Move 78, in particular, was so good that his partners and commentators in China have already called it "the hand of God", but it really was one of those things which happens once in a blue moon, even for a player like Sedol.

    • I felt that both the commentaries on the official stream and the one of AYA with Kim Myungwan [xmp.net] were mostly focusing on analysing alternatives to moves that were already played, instead of focusing on possible moves to be played. At one point Haijin Lee [xmp.net], also known as Haylee, the current secretary of the International Go Federation, took a seat behind the computer. While Lee Sedol was taking a long time to think about the 78 move, she suggested the "wedge" move [youtube.com] to Kim Myungwan. He first asked with some surpis
  • I think it's obvious that computers will shortly be able to be any human player at virtually any kind of structured game. In fact, I have a hard time imaging a game where computers won't soon be able to beat a human.

    Even unstructured games like Pictionary and Cards Against Humanity will eventually be able to be played well by computers (after enough training and live competition). Determining the "winner" of those games is subjective, but I've little doubt that computers will eventually be able to master th

  • Now let's imagine : let two AlphaGo machines play each other Go games. More games. More time allowed... Folks : it becomes IMO so abysmal. Where will it stops ? I literally shiver in awe. I believe this could be radically extreme disruptive technology. Keep in mind, AlphaGo invented moves it never observed before. Keep in mind, it can learn quite some different games, just by being exposed to samples. Wooooooaaaaaa. Impressed, concerned, exited, I am. Z.
    • Now let's imagine : let two AlphaGo machines play each other Go games. More games. More time allowed... Folks : it becomes IMO so abysmal. Where will it stops ? I literally shiver in awe.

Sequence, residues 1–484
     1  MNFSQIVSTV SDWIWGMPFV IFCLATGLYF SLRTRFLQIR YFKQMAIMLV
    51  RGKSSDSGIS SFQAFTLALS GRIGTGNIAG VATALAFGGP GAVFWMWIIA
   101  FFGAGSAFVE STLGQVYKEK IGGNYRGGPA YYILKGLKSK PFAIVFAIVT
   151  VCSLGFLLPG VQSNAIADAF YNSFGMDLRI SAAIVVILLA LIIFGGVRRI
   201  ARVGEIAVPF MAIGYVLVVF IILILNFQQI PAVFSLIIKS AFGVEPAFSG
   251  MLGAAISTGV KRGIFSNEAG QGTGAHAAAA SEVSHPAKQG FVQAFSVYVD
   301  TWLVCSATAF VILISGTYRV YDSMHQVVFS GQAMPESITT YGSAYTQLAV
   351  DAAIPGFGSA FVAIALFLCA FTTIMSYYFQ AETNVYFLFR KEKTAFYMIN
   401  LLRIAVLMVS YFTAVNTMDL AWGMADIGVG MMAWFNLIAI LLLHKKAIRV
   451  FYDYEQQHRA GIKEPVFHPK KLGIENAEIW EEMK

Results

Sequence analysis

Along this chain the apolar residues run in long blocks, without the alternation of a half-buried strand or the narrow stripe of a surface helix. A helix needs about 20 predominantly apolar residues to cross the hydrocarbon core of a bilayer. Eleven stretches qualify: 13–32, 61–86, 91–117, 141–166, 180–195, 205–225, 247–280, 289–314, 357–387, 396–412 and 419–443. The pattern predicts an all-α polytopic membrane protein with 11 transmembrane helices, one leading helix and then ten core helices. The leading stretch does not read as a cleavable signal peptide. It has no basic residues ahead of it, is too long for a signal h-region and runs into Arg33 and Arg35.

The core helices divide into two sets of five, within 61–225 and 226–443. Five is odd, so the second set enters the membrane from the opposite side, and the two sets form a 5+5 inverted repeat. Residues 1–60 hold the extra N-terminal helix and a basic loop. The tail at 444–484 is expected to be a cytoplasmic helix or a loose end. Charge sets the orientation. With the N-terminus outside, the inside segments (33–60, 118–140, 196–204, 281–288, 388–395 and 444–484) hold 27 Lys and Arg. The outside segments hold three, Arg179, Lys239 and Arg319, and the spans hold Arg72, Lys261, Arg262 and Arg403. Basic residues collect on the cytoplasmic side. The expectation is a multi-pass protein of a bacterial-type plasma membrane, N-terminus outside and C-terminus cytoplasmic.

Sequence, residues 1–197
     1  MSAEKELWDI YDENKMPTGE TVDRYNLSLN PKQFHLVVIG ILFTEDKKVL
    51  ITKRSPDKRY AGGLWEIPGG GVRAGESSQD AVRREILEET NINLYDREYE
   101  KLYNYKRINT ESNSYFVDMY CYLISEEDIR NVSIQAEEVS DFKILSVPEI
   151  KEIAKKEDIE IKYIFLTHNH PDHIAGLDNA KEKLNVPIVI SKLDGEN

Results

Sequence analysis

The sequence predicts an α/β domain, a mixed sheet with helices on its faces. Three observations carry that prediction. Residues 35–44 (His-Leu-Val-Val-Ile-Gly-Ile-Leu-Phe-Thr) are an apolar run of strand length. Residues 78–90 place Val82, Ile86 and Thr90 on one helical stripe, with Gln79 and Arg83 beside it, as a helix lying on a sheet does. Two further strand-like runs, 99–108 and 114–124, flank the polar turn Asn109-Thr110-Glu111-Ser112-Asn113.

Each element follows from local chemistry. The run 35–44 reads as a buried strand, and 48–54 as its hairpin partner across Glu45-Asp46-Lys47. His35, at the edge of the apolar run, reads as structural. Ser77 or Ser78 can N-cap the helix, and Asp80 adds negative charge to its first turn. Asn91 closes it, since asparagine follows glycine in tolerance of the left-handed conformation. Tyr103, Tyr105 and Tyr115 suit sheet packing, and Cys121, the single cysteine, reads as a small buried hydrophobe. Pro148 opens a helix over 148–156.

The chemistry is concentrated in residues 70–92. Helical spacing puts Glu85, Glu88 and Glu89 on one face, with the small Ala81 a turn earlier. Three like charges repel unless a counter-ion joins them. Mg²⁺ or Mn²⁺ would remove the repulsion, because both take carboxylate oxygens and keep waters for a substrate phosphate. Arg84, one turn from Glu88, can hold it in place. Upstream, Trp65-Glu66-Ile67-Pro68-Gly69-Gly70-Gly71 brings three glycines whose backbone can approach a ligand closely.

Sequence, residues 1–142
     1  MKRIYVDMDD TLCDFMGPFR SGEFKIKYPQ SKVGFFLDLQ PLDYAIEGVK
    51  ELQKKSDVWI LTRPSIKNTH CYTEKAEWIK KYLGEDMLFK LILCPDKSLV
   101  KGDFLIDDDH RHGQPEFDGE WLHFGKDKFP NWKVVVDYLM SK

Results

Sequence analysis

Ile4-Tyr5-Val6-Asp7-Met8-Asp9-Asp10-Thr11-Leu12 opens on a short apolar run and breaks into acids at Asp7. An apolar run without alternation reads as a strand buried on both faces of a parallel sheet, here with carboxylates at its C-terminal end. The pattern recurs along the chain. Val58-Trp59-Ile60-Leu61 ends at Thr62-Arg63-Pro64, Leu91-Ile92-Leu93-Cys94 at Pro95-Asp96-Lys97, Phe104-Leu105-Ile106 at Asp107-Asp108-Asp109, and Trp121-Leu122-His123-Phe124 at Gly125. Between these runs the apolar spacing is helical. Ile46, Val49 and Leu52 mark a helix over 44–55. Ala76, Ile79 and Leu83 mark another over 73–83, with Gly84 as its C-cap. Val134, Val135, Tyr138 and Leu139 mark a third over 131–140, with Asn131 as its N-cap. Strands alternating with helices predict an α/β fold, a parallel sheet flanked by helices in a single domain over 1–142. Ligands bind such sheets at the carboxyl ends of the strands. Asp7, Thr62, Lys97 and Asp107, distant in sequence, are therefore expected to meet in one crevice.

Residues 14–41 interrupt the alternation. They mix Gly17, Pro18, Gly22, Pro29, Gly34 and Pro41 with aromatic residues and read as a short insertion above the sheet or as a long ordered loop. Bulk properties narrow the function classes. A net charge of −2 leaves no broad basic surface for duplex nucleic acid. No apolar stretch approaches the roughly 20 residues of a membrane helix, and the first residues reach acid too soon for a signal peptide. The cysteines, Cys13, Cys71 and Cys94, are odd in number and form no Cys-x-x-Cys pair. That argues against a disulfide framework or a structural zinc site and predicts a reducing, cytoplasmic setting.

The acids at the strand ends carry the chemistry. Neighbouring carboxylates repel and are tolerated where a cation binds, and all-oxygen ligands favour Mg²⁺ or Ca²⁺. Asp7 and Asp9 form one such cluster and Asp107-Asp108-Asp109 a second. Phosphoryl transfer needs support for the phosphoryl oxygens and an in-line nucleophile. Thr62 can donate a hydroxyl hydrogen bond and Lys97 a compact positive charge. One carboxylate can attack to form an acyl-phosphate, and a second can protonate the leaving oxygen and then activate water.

Then this will blow your mind. This has already happened. AlphaGo trained against itself as a matter of course. In consequence, it has already played more games than any human alive ever could. Think about that for a while.

  • Go is an interesting game for this approach. It is thin, which mean that the moves and pieces are the same and don't do a lot. It is wide so calculating everything from scratch is essentially not doable...

    Chess got to be good enough by essentially matching GM search depth, by intelligently narrowing the search tree. And either capitalizing or avoiding tactical issues, within that depth, and if there are no tactical issues if there are a collection of moves that are left, make the ones that follow a di

  • " Thou shalt not make a machine in the likeness of a man's mind"- Orange Catholic Bible- Dune Series "The target of the Jihad was a machine-attitude as much as the machines," Leto said. "Humans had set those machines to usurp our sense of beauty, our necessary selfdom out of which we make living judgments. Naturally, the machines were destroyed."[6]-God Emperor of Dune "Man may not be replaced."-The Butlerian Jihad a.k.a. The Great Revolt use of technology trains humans to think like machines. The proble